While decorating my home over the weekend, I came across a book titled Simplify Your Christmas: 100 Ideas to Reduce the Stress and Recapture the Joy of the Holidays. This must have been a long ago gift or purchase because the stains from small dead critters had to be wiped away. But I thought to myself, if I wanted to simplify Christmas, number one on my list would be not to read a book. A good book should be read after Christmas.
So I wondered, out of these 100 ideas, what would really make a difference and decided it might be worth my while to read the titles of these 100 ideas and present you with the top 12 in the spirit of the 12 days of Christmas. So without further adieu and in no particular order:
The 12 Days of a Simplified Christmas
- Stop trying to get organized – This is a great one because it’s the chupacabra of Christmas. It doesn’t exist. If you must accomplish this goal because it’s in your DNA to attempt organization, then at least put it off until Jan 1.
- Simplify your traditions – I like this because they aren’t saying to get rid of all of them. It’s important to carry on traditions, but just pick the top two or three.
- Stay home Black-Friday – This will be hard for some because it can intersect with tradition. The problem is this sets up the frenzy and takes away from family time. If you must shop, do it online.
- Rethink Christmas cards – And the reason is, if this activity doesn’t bring joy, but misery, get rid of it. Some people love this and wouldn’t dream of giving it up, some are more sporadic. It’s okay to find other ways to connect with friends and family that don’t have a deadline.
- Say no to the office party – I’d like to reword this, have an exit strategy to the office party. Go for a set time, have 2 drinks, and leave. I’m not saying don’t keep the party going, just do it with other people at another location.
- Close down the Inn – Tis the season for relatives to expect a free place to stay. And it may seem like no big deal if you have extra space, but this is a quiet soul-sucker. Guests disrupt your routine and relaxation. (Though we still love them.)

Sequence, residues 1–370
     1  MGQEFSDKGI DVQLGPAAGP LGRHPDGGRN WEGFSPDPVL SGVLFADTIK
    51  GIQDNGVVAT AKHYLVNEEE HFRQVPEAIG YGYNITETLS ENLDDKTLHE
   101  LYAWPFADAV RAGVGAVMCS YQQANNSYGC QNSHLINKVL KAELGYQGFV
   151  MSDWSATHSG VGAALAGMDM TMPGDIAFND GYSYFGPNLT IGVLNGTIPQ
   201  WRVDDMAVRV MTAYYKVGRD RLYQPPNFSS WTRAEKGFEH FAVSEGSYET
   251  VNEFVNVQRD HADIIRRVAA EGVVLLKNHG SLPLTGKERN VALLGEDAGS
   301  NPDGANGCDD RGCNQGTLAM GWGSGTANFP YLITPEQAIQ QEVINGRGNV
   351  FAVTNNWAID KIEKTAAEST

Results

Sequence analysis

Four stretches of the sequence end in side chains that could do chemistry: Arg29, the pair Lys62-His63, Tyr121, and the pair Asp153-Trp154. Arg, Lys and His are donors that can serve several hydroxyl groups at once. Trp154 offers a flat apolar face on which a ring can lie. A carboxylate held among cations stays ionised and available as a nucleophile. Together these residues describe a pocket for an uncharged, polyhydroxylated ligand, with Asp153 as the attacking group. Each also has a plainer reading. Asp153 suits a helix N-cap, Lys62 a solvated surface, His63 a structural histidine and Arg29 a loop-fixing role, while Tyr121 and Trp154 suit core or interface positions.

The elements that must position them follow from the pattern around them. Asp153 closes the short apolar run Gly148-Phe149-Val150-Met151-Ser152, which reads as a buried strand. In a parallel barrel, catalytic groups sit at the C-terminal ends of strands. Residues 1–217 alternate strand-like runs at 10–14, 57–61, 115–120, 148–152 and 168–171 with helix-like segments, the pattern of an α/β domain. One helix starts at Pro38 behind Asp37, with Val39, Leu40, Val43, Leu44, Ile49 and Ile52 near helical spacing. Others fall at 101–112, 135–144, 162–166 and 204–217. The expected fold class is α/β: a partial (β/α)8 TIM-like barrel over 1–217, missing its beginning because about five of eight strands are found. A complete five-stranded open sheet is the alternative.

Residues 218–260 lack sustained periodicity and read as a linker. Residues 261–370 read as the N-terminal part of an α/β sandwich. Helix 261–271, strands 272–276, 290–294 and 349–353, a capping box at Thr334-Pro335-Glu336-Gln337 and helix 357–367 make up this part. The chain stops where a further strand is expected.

- Cut back on the number of gifts – No one is saying cut back on value, just on the stuff. Let’s say you plan to spend $250 on your child. Instead of getting 10 gifts at $25 each, purchase 5 gifts or less at varying prices totaling the same amount. Save the dollar store stuff for the stockings.
- Stop being a perfectionist – This is not something I have to worry about too often, but it’s a big deal for others. For example, forget big bows and beautiful ribbons on gifts that are for kids. They don’t care. And make slice and bake cookies instead of scratch. Things like that.
- Learn to say no to some volunteering – I don’t mean to be a Scrooge, but come on. There will be other opportunities to help. Don’t save the world when it’s time that could be spent with family. But if it’s something the entire family can participate in, that’s a winner!
- Slay the Secret Santa – Sure it’s fun if you have a $5 budget and this is done during work hours, but otherwise, let this go. Most of the time the gift you receive is immediately tagged for re-gifting.
- Rethink getting a tree and cut back on decorations – This is mostly for people who have 2 year-olds, puppies, or will be out of town for the holidays. You can certainly put some out, but feel good about the time and energy you’ve saved by not decorating.
- Cut back on your holiday spending – If you can easily get the numbers on how much you spent last year, challenge yourself to spend less this year. Even if it’s only by $20, this kind of discipline is good for everyone. At least this way you won’t spend more.
So tell me what you think. If you have other ideas that help simplify Christmas leave them in the comments section. Thanks and happy holidays!